Eleventh Sunday after Pentecost

A traditional part of the baptismal liturgy is the renouncing of all the forces of evil, the devil, and all his empty promises.

French Country Bread
"French Country Bread" image by Juan Calderón via Flickr licensed under CC BY-ND 2.0.

August 9, 2015

Second Reading
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Commentary on Ephesians 4:25-5:2

A traditional part of the baptismal liturgy is the renouncing of all the forces of evil, the devil, and all his empty promises.

As we enter into the new life in Christ, we enter into a new community and a new culture with a particular way of living with one another. Though this text does not place these instructions in an explicitly baptismal context, it is that new life as God’s people in Christ that this text describes and urges upon us. This is, in more detail, what the author meant in the earlier instruction to “put away the former way of life” (see Ephesians 4:22). The new life means, first of all (verse 25), relinquishing what is false, and a commitment to speak the truth to one another (see 4:15).

It may not be a coincidence that this call to speak truth is followed by a call not to let anger become the occasion for sin (Exodus 4:26). The church ought to be the place where the truth can be spoken: the difficult truths about our world and about ourselves, and the gracious truth about the God who has redeemed us. We are, however, rather skilled in using a self-justifying excuse of “speaking the truth” as a cover for our efforts to manipulate, retaliate, and tear down others. All such behavior is simply a lie masquerading as the truth.

There are times when not being angry would be sin. There should be anger against all the effects of injustice and oppression, both inside and outside the church. At other times, our anger is simply our last desperate attempt to defend ourselves against the new world that God is calling forth and against God’s servants who are urging us into that new kingdom. Even though some anger might be justified, we should not read verse 26 as an excuse to feel angry, and certainly not as an excuse to feed and nurture such anger. Indeed, we are to put away all anger (verse 31), which seems to contradict the imperative to “be angry” in verse 26. The tension suggests that the force of verse 26 may be something closer to “when you are angry, do not sin.” We are called to speak the truth, but not to let whatever anger we experience linger and fester, because we belong to one another. We may not be able to avoid anger, and indeed there may be times when anger is not only understandable but also appropriate. However, we also ought to recognize that anger is always disruptive and can quickly become corrosive to the community that God is calling forth.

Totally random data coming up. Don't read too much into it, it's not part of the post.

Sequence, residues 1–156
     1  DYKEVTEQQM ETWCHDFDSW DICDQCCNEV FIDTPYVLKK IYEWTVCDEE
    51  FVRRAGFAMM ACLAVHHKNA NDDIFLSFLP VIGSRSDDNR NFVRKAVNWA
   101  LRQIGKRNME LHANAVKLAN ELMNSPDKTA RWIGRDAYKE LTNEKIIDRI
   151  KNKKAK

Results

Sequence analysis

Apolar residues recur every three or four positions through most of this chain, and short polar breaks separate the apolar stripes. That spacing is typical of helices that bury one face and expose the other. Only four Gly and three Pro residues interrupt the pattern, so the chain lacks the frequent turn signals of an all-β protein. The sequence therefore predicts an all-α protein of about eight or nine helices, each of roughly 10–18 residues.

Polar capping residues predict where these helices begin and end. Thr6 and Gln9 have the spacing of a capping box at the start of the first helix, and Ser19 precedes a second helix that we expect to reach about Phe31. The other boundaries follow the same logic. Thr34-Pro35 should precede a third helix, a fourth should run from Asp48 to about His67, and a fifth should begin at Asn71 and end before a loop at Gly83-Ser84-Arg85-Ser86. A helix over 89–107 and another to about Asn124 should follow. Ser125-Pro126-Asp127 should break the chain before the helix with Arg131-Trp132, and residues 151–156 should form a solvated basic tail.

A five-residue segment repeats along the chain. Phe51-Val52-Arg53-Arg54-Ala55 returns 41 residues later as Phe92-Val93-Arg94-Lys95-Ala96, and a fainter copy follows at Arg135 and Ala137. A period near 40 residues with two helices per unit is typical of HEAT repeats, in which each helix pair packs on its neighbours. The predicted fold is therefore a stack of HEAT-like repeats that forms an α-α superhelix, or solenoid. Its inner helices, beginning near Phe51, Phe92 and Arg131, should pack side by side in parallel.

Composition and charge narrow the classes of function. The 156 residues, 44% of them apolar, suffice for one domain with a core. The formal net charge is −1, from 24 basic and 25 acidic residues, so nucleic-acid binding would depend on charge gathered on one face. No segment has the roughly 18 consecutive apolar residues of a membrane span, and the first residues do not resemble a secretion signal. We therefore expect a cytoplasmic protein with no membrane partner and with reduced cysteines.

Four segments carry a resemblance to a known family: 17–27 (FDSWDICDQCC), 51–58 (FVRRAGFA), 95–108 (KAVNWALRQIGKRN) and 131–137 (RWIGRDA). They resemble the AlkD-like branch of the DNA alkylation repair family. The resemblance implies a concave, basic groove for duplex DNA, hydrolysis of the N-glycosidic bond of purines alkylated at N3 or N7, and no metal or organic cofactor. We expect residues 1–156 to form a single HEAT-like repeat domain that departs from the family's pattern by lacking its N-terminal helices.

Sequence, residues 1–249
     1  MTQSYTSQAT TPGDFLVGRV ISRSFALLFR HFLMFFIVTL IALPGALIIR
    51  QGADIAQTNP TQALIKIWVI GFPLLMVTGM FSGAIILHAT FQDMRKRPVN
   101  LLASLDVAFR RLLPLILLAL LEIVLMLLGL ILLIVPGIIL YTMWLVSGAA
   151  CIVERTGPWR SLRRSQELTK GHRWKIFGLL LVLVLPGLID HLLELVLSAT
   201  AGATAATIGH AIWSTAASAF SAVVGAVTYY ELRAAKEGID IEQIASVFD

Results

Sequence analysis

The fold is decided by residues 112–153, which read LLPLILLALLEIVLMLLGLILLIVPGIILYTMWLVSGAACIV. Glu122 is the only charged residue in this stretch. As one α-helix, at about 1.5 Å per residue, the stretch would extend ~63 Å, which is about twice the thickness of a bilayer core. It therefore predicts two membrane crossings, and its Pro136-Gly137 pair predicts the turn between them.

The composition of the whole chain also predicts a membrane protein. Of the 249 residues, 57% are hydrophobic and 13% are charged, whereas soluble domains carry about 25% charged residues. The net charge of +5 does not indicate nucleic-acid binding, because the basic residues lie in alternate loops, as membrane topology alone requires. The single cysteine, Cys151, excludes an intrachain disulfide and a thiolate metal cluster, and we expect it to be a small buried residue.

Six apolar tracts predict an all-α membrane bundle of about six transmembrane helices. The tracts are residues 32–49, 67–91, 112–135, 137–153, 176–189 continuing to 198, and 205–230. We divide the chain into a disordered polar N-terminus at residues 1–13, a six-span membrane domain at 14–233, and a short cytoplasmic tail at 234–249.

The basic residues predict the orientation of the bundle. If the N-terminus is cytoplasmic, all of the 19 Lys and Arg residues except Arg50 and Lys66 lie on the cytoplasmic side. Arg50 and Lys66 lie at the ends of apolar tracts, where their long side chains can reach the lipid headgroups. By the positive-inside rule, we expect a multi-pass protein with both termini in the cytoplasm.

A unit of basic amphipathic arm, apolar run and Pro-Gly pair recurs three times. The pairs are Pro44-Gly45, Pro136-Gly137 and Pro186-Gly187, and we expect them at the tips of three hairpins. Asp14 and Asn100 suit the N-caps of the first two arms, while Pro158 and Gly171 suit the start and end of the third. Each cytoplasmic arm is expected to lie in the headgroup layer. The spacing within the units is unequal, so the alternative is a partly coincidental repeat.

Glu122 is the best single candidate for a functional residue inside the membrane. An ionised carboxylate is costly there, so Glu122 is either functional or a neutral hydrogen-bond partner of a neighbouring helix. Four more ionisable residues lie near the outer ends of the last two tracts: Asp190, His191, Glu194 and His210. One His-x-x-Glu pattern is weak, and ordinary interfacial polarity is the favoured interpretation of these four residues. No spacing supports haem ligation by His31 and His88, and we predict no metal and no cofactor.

Rather than taking from others (which would certainly have a negative effect on the honesty and truth with which we are called to deal with one another), the members of the church are called to work so that they are able to pass something along to the poor. In verse 28 the NRSV talks about working “honestly,” but that may be a rather pale reflection of what the text is getting at. More precisely, the text speaks about doing “the good.” This is not a call to keep your head down and just pay attention to your own “honest work.” Rather, it is a call to pay open-eyed attention to the needs of those around us, so that we can discern the good thing that our neighbors need and then do it. Thus both in our actions (verse 28) and in our words (verse 29), our lives become conduits for the grace of God to others. In this passage, it is especially our words that receive attention. Our words to one another matter. The words to be avoided in verse 29 are not simply “evil” (NRSV), but rotten, decaying, and corrosive. In verse 31, the vices to avoid are particularly those things that are expressed in destructive speech. All these things that would tear down relationships have no place in the church, and they are contrary to the Spirit’s intent, not only because they impede our ability to engage in the mission to which God has called us, but because they are a failure to reflect Christ himself, who is the foundation of this new life.

In a remarkable move, the author calls us to nothing less than a life of imitating God (Ephesians 5:1). Such a call may seem absurd; to think that we could “imitate God” might be the height of arrogance. However, this call to imitation is founded on the love of Christ for us. Jesus himself is the footsteps of God through this world, not simply giving us an example to follow by our own determination, but cutting the path for us and then pulling us along. We imitate by grace, not as those who are goaded and threatened into stepping in only the right places, but as those who are loved into walking this path.

It may be significant that the imperative in Ephesians 5:1 indicates that this imitation is an ongoing process. We might translate it as “Keep on becoming imitators of God … ” It calls to mind the words of Martin Luther:

This life, therefore, is not godliness but the process of becoming godly, not health but getting well, not being but becoming, not rest but exercise. We are not now what we shall be, but we are on the way. The process is not yet finished, but it is actively going on. This is not the goal but it is the right road. At present, everything does not gleam and sparkle, but everything is being cleansed.1

Undergirding all of the exhortations in this Ephesians’ pericope are the supporting and motivating claims about God’s forgiveness (4:32), Christ’s self-sacrifice (5:2), and the Spirit’s sealing (4:30). It is the Triune God who is at work to shape the church into a people who actually inhabit the new reality described in 4:25-5:2.


1 “Defense and Explanation of All the Articles”, transl. Charles M. Jacobs, in Luther’s Works, Volume 34 (Philadelphia: Muhlenberg Press, 1958), 24.